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Paedophile 'ring' jailed

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The four men were sentenced by Reading Crown Court and received what are referred to as 'indeterminate' sentences.  Simon Wyn-Davies 38 was sentenced after pleading guilty to 22 counts of rape on a child under the age of 13.  He was given a sentence of imprisonment for public protection of a minimum of 11 years and 6 months.  This means that he has to serve that amount of time in prison before being eligible to apply for release.  Peter Malpas 47 has been sentenced to an IPP of 5 years and 9 months after pleading guilty to sexually assaulting a child under the age of 13 and possession and distribution of indecent images of children.  Nicholas Cordery 63 was sentenced to an IPP of 5 years and 6 months after admitting two counts of conspiracy to rape a child under the age of 13 and possession and distribution of indecent images.  Anthony Slack 54 was sentenced to an IPP of 5 years having pleaded guilty to conspiracy to rape a child under the age of 13.

All four men have to serve their specified sentences as their minimum period in custody before being able to apply for release on parole. 

Judge Stephen John was told that what was described as a 'paedophile ring' was discovered last year when an undercover Metropolitan police officer had contacted Slack through an internet chat room arranging to meet at a London hotel telling Slack that he would bring his 'daughter' with him.  Slack was arrested and photographs were found on his computer which eventually led to the arrest of Wyn-Davies.  On the date of the meeting arranged by the undercover police officer items had been found in Slack's hotel room consistent with an intention to commit sexual offences.  

Having arrested Slack the trail led to Wyn-Davies who was described by the Metropolitan Police as the 'leader' of the group.  Enquiries into Wyn-Davies then led to Cordery as the police saw messages in which he claimed he had contacts who could arrange discreet meetings in relation to children.  The police said that Cordery had "offered his remote farm as a venue for abuse to take place".  Further enquiries then led to the arrest of Malpas.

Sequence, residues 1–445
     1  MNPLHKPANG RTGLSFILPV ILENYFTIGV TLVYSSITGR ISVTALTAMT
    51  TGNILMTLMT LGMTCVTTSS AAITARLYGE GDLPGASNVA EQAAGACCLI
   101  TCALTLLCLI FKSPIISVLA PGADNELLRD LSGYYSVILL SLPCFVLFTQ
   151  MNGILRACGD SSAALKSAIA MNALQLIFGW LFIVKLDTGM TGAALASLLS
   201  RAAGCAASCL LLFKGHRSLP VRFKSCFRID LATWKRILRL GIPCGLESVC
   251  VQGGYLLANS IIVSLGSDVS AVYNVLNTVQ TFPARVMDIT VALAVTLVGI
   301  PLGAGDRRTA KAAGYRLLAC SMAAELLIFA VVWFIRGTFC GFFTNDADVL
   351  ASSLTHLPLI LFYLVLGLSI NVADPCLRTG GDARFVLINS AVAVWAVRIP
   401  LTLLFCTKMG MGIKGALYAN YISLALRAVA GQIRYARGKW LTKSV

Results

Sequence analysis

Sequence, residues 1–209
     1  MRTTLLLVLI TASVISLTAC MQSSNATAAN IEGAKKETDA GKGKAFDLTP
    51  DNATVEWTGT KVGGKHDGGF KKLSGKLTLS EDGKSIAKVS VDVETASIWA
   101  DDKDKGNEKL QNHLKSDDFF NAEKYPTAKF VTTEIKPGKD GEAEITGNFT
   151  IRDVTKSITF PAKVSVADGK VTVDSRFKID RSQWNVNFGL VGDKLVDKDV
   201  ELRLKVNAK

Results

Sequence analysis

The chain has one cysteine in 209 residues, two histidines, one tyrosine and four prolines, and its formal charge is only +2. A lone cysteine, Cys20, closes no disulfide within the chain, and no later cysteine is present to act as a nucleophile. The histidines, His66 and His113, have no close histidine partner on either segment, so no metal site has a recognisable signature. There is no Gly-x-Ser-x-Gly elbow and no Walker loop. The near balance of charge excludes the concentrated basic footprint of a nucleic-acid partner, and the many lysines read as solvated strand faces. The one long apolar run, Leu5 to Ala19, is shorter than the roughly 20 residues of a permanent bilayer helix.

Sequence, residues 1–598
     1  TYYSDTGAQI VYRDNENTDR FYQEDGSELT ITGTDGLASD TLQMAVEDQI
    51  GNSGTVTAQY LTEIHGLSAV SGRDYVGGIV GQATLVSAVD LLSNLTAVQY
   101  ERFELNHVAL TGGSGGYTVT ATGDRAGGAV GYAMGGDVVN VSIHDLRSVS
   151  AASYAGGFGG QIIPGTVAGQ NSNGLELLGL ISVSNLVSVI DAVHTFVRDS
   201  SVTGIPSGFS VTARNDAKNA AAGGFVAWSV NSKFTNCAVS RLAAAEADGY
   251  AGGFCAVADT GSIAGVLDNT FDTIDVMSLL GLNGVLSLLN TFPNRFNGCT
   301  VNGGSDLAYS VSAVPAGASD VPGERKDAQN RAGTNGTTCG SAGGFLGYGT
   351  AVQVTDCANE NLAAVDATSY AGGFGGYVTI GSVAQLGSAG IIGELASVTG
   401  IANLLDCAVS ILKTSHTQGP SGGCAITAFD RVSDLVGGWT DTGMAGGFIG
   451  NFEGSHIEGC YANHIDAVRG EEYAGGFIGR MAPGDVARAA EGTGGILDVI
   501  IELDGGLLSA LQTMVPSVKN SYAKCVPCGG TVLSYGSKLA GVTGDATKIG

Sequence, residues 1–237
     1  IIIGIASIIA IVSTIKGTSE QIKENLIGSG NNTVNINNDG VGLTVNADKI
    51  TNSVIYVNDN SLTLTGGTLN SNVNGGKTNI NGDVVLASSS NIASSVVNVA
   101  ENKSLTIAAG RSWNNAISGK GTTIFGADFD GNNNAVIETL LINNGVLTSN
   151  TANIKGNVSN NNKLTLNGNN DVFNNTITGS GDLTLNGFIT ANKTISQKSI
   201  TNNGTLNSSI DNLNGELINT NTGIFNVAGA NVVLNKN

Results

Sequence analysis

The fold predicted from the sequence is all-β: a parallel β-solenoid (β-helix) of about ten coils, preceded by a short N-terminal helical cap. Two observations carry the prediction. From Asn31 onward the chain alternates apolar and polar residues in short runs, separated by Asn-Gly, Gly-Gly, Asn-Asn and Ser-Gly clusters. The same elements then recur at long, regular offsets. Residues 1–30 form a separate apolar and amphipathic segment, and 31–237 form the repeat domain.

The police described the four men as "highly manipulative, evil and dangerous individuals".  The police have indicated that they believe that the four men will have committed other offences currently unknown to police and therefore are calling for anyone who believes they may have been the victim of the men to report the incident to the police in confidence.  

Although IPP sentences are due to be abolished they do still remain in force and whilst they are perhaps not being used quite so readily as before, they are still available to be used in the most serious of cases, and clearly the court has marked its view of the seriousness of this particular case with the imposition of an IPP for each defendant.  

Once the prisoners have served their minimum sentence or 'tariff' the parole board will review their cases and decide whether they can be released or not.  IPPs are referred to as indeterminate sentences due to the fact that the prisoner does not have a definite date that their sentence will end, due to the fact they can be detained even after the tariff period has expired. 

In custody the prisoners will have a offender manager, a probation officer who will prepare a sentence plan for each individual prisoner.  They then have a offender supervisor allocated to them who will work with the offender manager to ensure that the prisoner follows their sentence plan.  Each offender will have an Offender Assessment System (OASys) assessment to identify their risk factors and to calculate their risk of reoffending in the future, and also to identify the assistance each offender may need whilst in custody and this will also help identify the offending behaviour courses that each offender will be asked to complete whilst in custody. Examples of the sorts of courses that the offenders may be asked to participate in are Think First or Enhanced Thinking Skills, Sex Offender Treatment Programmes and Anger Management Courses.  The prison service has no ability to compel an offender to take part in these courses, but if they fail to do so it makes the ability to assess their level of risk more difficult, which will naturally impact on their ability to convince the parole board to release them at the end of their tariff period.

The above is not legal advice, it is intended to provide information of general interest in current legal issues.